You cannot pass a newsstand, magazine rack, or Oprah Winfrey without hearing how to care for, feed and inspire your soul. To some this is the part of you that feels, loves, and is moved by nature or romantic comedies. To others it is the part of the body that is spiritual in nature. To me, it is the one body part that stubbornly resists most kinds of moisturizer and remains hidden away during the winter months. In my case, of course, I am talking about the sole; the bottom of the foot. While foot care is something normally associated with summer when sandals are in season, I urge you to take advantage of the winter months to nurture your sole.
The benefit of a foot care routine during winter is that come summer, your feet are ready to slip into sandals without wasting the first two weeks with rigorous foot repair. For instance, cracked heels do not disappear overnight. The deeper the cracks, the more intensive moisturizing they require. During the winter you can slip cotton socks on after putting lotion on your feet. This is incredibly helpful to the healing process. You are less likely wear cotton socks during the hot days and nights of summer.
Good foot care is an essential part of your grooming routine. If your feet are dry, scaly and cracked and/or your toenails are misshapen or discolored, you should book a pedicure at a salon. Select a pedicure that includes a paraffin wax treatment if your heels are cracked. If you have never had a salon pedicure, you are in for a treat. Your feet are pampered while you relax with a magazine or good book. A standard pedicure may include (but is not limited to) a soak in a jetted foot tub, a scrub with a foot paddle to remove dead skin, medicinal grade moisturizers, and paraffin wax (which is also great for people with poor foot circulation or arthritis). After your feet have been treated, your toenails and cuticles are shaped and the nails are painted in the color of your choice. Many salons give you the nail color to take home. You may also have the option to purchase the moisturizers.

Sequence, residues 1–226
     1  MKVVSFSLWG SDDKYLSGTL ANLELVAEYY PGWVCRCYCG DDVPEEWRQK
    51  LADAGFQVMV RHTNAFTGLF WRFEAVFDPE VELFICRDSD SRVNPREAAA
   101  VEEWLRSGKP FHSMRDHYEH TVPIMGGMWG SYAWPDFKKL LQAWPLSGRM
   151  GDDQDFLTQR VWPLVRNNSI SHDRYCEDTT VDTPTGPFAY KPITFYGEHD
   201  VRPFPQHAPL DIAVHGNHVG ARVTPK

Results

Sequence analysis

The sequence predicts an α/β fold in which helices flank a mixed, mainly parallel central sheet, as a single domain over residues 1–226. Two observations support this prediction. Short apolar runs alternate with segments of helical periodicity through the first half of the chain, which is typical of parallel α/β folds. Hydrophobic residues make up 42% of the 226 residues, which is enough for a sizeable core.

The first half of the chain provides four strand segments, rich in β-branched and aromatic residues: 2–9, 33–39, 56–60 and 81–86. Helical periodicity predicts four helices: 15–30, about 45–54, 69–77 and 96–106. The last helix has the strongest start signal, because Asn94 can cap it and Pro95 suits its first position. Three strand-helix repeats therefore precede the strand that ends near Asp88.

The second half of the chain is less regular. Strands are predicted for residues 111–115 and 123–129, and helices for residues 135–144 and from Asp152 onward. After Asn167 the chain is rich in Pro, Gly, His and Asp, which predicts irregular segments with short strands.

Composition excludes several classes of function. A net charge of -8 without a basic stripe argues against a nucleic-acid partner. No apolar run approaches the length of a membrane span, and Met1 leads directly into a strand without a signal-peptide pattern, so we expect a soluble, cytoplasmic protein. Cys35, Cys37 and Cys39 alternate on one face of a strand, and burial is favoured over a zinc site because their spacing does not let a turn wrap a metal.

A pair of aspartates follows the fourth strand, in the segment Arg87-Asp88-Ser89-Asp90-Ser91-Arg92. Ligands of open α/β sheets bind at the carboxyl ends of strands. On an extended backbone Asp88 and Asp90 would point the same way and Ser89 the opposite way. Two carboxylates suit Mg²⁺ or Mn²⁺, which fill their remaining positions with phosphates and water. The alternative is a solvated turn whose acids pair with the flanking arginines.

Have you ever worn a wig (not counting to a costume party)? If the answer is no, ask yourself this: “why not?”
Wigs can be very useful accessories. They give you a chance to experience different hairstyles without cutting or dying your natural hair. They also put an end to bad hair days and give you a chance to look completely different whenever the mood strikes.
There are many different kinds of wigs. The kind you choose should depend on your lifestyle.
• The Diva: If you never leave the house without your makeup on and can spot a Gucci bag from 20 feet away, invest in a human hair wig. Human hair wigs can be curled, flat ironed, and styled the way you would style your natural hair. They last longer than synthetic and look natural. You can even have your wig professionally shaped and colored by a hairdresser. Human hair wigs can be expensive, but with the proper care, they last a very long time.
• The Change-It-Up Fashionista: If you love to play with your look, consider synthetic wigs. You cannot style them like human hair wigs; they usually come pre-styled and colored. Synthetic wigs are less expensive than human hair, therefore you can buy several different styles and colors enabling you to completely change your look on a whim.
• The Purist: If you cannot make the leap to a full wig or prefer your hair pulled away from your face, clip on ponytails, buns, or ¾ falls are for you. A ¾ fall is a partial wig that sits behind your natural hairline. When using partial wig products, it is important to match your hair color as closely as possible to achieve a natural look.
When wearing a wig, ponytail, or fall, make sure the fit is comfortable. Most come with adjustable elastics or clips. Take the time to adjust your piece to fit your head. Anything pinching or pulling or feeling too tight will make for a very uncomfortable day.